Employee Engagement is the number one HR Leadership priority for 2017 (Deloitte’s 2016 Human Capital Trends report) and with Brexit on the horizon and the policies promised by President Trump, we are entering a period of uncertainty for many business leaders.
Neuroscience has proven that uncertainty and increased stress can shut down the logical part of our minds as we focus on survival. This brings immense challenges to the world of work and leadership.
Research from Gallup shows that employees in the 20- 36 year age group are the least engaged generation in the workplace to date, with many changing jobs and workers actively looking for new roles. This signals a bumpy ride for management teams in retaining good people.
The study highlights how millennials are pushing organsiations to reinvent how they lead and manage, highlighting what 21st century workers seek from employment today. The underlying principles for driving engagement among these millennials lie in the climate that a leader has created in the organisation. Indeed this may be true for all workers. As the title of the famous Harvard Business Review article stated, “Why should anyone be led by you!”
Excellent article – some great insights into how to create a thriving leadership climate that allows teams to flouri…https://t.co/dXM0IrBVRk
— Fiona Flynn (@fflynn10) March 4, 2017
Research has shown that leadership climate is a known predicter of employee engagement and empowerment, directly relating to an organisation’s financial performance. Employees are over four times more likely to be engaged working in an emotionally intelligent leadership climate.
How does it feel to work around here – am I encouraged and inspired to stretch myself to my full potential?
The climate of any organisation is greatly influenced by the Emotional Intelligence of its leaders. Emotional Intelligence and the ability to lead people through a volatile and complex working world are seen as the greatest competitive advance for the 21st century.
A six year longitudinal study of 167 high-tech start-ups in Silicon Valley with different management and leadership styles highlighted that those who had the least chance of business failure and who achieved sustainable growth and investment funding adopted a commitment model of leadership. These organisations put a focus on their employees, created a common purpose, provided meaningful work and developed collaboration.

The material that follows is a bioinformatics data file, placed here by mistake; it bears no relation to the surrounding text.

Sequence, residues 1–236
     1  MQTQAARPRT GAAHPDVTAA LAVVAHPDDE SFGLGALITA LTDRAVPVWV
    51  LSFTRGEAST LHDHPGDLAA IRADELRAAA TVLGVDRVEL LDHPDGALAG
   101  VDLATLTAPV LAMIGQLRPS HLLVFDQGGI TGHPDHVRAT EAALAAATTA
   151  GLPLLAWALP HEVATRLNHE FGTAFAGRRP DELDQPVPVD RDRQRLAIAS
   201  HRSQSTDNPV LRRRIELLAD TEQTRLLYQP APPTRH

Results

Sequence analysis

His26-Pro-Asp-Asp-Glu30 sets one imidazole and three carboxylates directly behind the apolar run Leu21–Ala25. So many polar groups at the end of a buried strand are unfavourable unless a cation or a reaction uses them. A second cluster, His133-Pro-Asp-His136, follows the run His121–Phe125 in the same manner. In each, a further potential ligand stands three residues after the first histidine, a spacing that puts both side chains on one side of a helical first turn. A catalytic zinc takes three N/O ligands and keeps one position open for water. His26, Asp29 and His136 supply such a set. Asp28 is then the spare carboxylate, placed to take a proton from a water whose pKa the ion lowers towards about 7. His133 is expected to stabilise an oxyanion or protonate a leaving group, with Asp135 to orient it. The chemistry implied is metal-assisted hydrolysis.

Key Questions leaders should ask themselves
- What is my mindset? Am I creating a mindful/thriving climate that builds long term success
- How am I feeling? How self-aware am I of my feelings and those around me?
- How do I choose to behave – do I take time out to reflect on situations and prepare for key conversations and meetings – what is my objective , what fingerprint do I want to leave.
The Leadership Climate indicator model (JCAglobal) measures 12 key leadership behaviours that demonstrate the prevalence of 4 leadership styles – Inspiring, Including, Controlling and Withdrawing leadership.
It explores how the tone set by the organisations leaders is felt throughout the company and measures the impact this is having on perfomance, well-being and innovation.
What can today’s leaders learn from these studies?
At the recent Talent Summit event many common themes were coming through from the significant line up of Senior HR, L&D and Business leaders including keynote speaker Daniel Pink
- Build Self-awareness – Leaders who are aware of their own behaviours and those of their team are closer to the reality of what is really going on in the business. Be aware of the barriers for your team. The single biggest motivator for an employee is to make progress in meaningful work.
- Ensure all employees are clear on the Purpose of the organisation – Why do we exist? Why does this organisation matter?
- Provide Regular Feedback – encourage an environment where feedback is seen as development and an opportunity to reduce blindspots and stretch.
- Build Trust – Internally with employees, team members and externally with customers and suppliers. Actively build and develop relationships.
- Create an atmosphere of openness – Make it safe to challenge and offer alternative ideas.
- Stretch and Empower individuals – don’t micromanage – Encourage responsibility – give them autonomy.
- Value and appreciate others – Celebrate successes and recognise a job well done.
Fiona Flynn is a Director of Foresight Corporate Development and has significant experience in building and developing sales teams to deliver results and growth in a highly competitive fast-paced environment. She passionately believes that as a manager /leader creating the right environment allows the team to flourish and this approach allows each of us to reach our full potential.
— Foresight (@ForesightCD) March 4, 2017